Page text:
Encyclopedia Astronautica
Delta 104

Nitric acid/UDMH propellant rocket stage. Loaded/empty mass 4,472/590 kg. Thrust 35.10 kN. Vacuum specific impulse 278 seconds.

Cost $ : 1.740 million.

Status: Retired 1962.
Gross mass: 4,472 kg (9,859 lb).
Unfuelled mass: 590 kg (1,300 lb).
Height: 5.88 m (19.29 ft).
Diameter: 1.40 m (4.50 ft).
Span: 1.40 m (4.50 ft).
Thrust: 35.10 kN (7,890 lbf).
Specific impulse: 278 s.
Burn time: 296 s.
Number: 12 .

More... - Chronology...

Associated Countries
Associated Engines
  • AJ10-104 Aerojet Nitric acid/UDMH rocket engine. 35.1 kN. Isp=278s. Stainless steel version of the basic Able engine, uprated to increase thrust 34.7 kN to 37.0 kN and to increase the duration 2-1/2 times First flight 1960. More...

Associated Launch Vehicles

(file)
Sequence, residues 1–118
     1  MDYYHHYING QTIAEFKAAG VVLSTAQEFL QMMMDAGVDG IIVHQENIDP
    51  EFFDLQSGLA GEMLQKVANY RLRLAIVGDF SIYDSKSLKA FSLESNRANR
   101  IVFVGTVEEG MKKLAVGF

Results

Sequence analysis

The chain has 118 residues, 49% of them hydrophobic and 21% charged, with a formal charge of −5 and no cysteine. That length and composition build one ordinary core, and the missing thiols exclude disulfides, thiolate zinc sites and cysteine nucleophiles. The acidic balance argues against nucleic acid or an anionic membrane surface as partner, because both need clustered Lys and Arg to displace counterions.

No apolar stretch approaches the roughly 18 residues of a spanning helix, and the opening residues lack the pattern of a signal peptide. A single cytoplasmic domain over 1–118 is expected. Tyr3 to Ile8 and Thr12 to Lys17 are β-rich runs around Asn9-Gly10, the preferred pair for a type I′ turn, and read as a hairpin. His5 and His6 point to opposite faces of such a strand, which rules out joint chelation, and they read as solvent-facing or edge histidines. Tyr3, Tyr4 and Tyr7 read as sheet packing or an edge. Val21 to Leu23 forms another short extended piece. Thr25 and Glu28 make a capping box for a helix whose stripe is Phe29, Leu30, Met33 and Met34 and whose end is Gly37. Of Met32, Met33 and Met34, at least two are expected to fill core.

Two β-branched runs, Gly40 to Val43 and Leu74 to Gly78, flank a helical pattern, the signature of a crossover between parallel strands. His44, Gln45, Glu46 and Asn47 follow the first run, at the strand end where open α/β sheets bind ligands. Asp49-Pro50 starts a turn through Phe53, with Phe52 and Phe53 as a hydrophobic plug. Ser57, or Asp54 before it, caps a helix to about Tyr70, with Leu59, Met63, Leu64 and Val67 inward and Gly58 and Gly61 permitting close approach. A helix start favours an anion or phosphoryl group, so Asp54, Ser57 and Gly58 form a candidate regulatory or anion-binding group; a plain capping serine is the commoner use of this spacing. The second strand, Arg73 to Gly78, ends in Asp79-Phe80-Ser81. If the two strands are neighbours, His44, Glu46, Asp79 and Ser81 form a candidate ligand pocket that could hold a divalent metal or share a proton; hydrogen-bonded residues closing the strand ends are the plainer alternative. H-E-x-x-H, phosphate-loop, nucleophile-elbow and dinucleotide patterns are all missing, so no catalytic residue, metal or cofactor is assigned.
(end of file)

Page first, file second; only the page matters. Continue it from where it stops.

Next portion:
• Thor Delta American orbital launch vehicle. Commercial name for the military's Thor-Delta. The name of the Delta second stage eventually was applied to subsequent commercial follow-ons. More...

Associated Propellants
  • Nitric acid/UDMH Drawing on the German World War II Wasserfall rocket, nitric acid (HNO3) became the early storable oxidiser of choice for missiles and upper stages of the 1950's. To overcome various problems with its use, it was necessary to combine the nitric acid with N2O4 and passivation compounds. These formulae were considered extremely secret at the time. By the late 1950's it was apparent that N2O4 by itself was a better oxidiser. Therefore nitric acid was almost entirely replaced by pure N2O4 in storable liquid fuel rocket engines developed after 1960. Unsymmetrical Dimethylhydrazine ((CH3)2NNH2) became the storable liquid fuel of choice by the mid-1950's. Development of UDMH in the Soviet Union began in 1949. It is used in virtually all storable liquid rocket engines except for some orbital manoeuvring engines in the United States, where MMH has been preferred due to a slightly higher density and performance. More...

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